“Why don’t you get up from behind your keyboard and go lift some weights”
I hear this more and more taken out of context from I believe Jim Wendler (?). The person who says this has nothing to offer. This is the ultimate cop out in my opinion. It means I don’t want to, or can’t be bothered to think. Engaging the brain is a long drawn out process like an old car that struggles to start. There’s lots of noise, and spluttering and they blow out on the side of the road when things get tough before getting anywhere near the destination.
“There’s too many people worrying about the angle of the pinkie during Tricep kick-backs”
Who? Who asks this? I never see this being asked from anybody other than people taking the piss, or people stating the above sentence. However, an important point should be mentioned here. Asking questions like that above isn’t a problem of the community “majoring in the minors” as I often hear people saying. If anybody actually spends 30 minutes of their training session working out pinkie position, that’s an issue with them. This does not advocate a position of scrapping all micromanagement of training, because some people simply don’t understand how to train. Those people are outliers and all micromanagement suddenly does not become a negative. Micromanagement is about making small tweaks that do not detract from your training and instead make your training more efficient. If all those little micromanaged changes add up over the course of the year to an extra 5kg (heck even 0.5kg) on my squat, why wouldn’t you do it? I know I would.
“Everyone is experiencing Paralysis by analysis”
Paralysis by analysis is the most over-exaggerated phenomenon in the strength community. Those that experience it, are not “overloaded with knowledge”, far from it, they are paralysed by their lack of applicable knowledge. They seek out ideas and protocols they essentially don’t understand. Most importantly though the problem doesn’t lie with the amount of knowledge an individual possesses; they don’t understand where these ideas fit into their program and this is what causes paralysis. The answer to the problem you’ll hear is they need to get rid of all the ‘complicated stuff’. The result sees the dumbing down of the strength community with the move towards what people claim is “old school lifting”.
We’re very lucky in the age we live, because “old school lifting” has provided us with many fundamental principles which have stood the test of time with regards to making people strong. They did that only through ensuring they still engaged their brains whilst in the gym. They questioned, analysed, tested and tested again to find the answers to their questions. Perhaps what we really need is to understand how to analyse and think logically in order to assess the information we have been given, just as the old school lifters did. Nobody has too much knowledge, they simply lack the ability to apply it to practical circumstances. The fault does not lie with the volume of knowledge, only the ability of the individual to process that knowledge. The responsibility lies with us, and the answer is not to dumb down the individual and therefore the community. The answer is the opposite – it lies in the education of individuals, and education never involves learning and understanding less.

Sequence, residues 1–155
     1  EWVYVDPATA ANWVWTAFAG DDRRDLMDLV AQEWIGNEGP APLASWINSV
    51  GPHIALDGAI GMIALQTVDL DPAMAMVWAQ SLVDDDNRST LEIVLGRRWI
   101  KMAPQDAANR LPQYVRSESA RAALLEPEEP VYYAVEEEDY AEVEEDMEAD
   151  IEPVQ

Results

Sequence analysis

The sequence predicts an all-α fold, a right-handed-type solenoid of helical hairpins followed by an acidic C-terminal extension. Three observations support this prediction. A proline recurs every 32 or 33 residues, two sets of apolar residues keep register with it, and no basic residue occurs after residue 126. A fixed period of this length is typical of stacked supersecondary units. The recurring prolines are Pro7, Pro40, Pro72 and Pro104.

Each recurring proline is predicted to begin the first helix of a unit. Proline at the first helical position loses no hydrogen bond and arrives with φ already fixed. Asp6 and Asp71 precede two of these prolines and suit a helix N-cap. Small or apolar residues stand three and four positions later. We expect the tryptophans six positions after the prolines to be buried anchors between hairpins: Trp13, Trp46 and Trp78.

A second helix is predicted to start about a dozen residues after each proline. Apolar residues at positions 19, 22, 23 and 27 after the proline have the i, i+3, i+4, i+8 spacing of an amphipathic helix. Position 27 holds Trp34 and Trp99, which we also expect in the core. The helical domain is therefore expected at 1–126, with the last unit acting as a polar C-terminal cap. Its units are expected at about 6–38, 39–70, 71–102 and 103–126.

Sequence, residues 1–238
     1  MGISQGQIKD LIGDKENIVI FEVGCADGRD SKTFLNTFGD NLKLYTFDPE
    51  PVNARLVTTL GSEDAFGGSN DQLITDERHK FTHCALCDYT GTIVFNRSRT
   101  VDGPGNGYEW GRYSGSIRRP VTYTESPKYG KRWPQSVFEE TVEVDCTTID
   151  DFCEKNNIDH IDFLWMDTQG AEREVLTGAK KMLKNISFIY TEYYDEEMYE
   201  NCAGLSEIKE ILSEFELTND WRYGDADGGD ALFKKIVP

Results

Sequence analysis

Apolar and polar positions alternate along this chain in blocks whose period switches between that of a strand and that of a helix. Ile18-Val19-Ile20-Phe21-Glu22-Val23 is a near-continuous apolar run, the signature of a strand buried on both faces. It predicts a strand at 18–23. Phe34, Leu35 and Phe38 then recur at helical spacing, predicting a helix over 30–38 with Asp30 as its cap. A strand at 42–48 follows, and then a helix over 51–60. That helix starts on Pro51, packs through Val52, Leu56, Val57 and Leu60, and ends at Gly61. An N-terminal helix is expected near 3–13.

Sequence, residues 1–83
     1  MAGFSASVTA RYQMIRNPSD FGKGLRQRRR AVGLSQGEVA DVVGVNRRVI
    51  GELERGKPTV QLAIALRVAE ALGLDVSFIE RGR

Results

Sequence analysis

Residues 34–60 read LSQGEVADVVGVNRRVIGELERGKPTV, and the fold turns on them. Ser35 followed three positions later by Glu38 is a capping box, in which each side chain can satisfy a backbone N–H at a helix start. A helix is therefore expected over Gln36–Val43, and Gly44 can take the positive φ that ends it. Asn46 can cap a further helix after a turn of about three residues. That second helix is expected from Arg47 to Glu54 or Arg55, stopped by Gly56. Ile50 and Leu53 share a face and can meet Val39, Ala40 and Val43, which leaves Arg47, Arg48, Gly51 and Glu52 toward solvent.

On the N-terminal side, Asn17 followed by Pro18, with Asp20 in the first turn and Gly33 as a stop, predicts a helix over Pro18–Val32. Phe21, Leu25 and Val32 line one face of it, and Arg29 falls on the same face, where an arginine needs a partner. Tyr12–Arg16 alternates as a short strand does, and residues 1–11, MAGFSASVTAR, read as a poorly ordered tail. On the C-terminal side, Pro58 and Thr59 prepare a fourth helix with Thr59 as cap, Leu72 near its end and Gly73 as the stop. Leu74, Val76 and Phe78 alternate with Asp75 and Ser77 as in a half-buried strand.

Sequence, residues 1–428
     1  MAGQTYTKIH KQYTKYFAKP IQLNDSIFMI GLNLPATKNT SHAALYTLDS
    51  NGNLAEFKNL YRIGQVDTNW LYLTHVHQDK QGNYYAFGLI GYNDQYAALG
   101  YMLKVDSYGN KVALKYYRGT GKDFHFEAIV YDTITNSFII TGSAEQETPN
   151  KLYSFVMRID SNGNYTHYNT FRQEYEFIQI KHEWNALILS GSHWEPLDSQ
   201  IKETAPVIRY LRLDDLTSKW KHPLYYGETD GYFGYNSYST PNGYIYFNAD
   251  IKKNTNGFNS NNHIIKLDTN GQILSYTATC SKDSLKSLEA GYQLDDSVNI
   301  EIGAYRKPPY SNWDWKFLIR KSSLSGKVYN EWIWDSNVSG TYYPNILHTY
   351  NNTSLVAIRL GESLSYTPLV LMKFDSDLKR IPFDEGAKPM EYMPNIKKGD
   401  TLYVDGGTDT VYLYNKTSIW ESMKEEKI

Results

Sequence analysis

Learn your craft, we’re looking at this idea of paralysis by analysis backwards.
So who and what do I look out for when assessing the quality of knowledge presented to me?
(Numbered in order of importance in my opinion)
Years in the Powerlifting scene or Time under the Bar of the person presenting the idea (6)
Positive personal experience of the idea (or similarities to it) being presented to me (2)
The status of the lifter (elite, intermediate or beginner) (3)
Empirical evidence supporting the claim presented (Taking care to ensure the quality of the empirical testing is good) (1)
Observed evidence supporting the claim presented (1 to 2 because what we observe, or what we think we observe to be more precise, doesn’t always ring true)
Credentials of the coach presenting the claim presented (1)
Received good quality information that has worked for me from this source before (4)
Consensus on the issue presented (5)
The dumbing down of the strength community
The strength community is seeing a dumbing down of it’s membership in my opinion. I’m seeing more and more the use of “Just shut up and squat, you’re overthinking”, even from big names in the strength world. In my humble opinion, they have it wrong, big time. As I said above, nobody has too much knowledge, only the lack of ability to apply their acquired knowledge to a given situation. The answer to this problem is education, not to strip away that knowledge as some people claim is now the answer with “not overthinking”. You’re essentially asking that person to leave their brain at the door. Again, education never involves learning or understanding less.
Succeeding at strength training as with everything in life requires more than simply a one-dimensional, shallow thought process. To become a master at anything takes dedication towards learning your craft; only through in-depth and tireless knowledge acquisition, and logical application of that knowledge can someone hope to reach their true potential.
Working hard and training smart are NOT mutually exclusive.
Strong Body. Strong Mind.